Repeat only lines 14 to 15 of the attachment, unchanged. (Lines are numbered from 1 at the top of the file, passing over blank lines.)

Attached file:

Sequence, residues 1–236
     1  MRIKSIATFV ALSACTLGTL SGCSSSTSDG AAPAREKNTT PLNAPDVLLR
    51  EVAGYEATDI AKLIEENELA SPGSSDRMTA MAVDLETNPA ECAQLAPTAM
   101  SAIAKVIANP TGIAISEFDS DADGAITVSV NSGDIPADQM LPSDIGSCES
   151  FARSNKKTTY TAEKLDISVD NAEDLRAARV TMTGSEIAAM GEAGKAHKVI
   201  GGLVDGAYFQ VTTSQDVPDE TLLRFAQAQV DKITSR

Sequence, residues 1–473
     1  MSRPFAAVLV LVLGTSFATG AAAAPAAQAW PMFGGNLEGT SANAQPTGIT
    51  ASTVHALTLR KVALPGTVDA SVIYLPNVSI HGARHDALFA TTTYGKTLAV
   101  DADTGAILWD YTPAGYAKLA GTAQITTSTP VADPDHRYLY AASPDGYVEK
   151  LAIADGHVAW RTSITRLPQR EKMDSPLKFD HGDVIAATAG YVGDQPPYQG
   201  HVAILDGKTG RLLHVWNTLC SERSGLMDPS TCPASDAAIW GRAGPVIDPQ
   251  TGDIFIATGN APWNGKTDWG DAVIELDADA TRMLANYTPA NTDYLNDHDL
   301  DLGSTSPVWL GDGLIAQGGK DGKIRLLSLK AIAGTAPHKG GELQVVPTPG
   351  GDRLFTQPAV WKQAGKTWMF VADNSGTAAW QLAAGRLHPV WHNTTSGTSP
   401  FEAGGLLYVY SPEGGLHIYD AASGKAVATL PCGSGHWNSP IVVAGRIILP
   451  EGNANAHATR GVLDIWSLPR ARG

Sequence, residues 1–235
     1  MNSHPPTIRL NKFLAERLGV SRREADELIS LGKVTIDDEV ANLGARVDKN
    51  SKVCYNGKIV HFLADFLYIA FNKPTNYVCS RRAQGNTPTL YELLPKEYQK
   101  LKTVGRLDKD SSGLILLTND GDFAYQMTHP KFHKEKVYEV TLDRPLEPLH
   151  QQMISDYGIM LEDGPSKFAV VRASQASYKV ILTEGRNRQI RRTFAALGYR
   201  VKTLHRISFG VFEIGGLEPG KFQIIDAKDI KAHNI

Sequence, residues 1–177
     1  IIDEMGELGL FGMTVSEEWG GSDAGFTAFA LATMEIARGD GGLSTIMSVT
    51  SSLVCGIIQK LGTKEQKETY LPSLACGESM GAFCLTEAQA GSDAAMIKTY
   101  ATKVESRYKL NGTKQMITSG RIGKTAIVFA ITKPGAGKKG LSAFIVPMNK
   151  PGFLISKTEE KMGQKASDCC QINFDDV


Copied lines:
   301  DLGSTSPVWL GDGLIAQGGK DGKIRLLSLK AIAGTAPHKG GELQVVPTPG
   351  GDRLFTQPAV WKQAGKTWMF VADNSGTAAW QLAAGRLHPV WHNTTSGTSP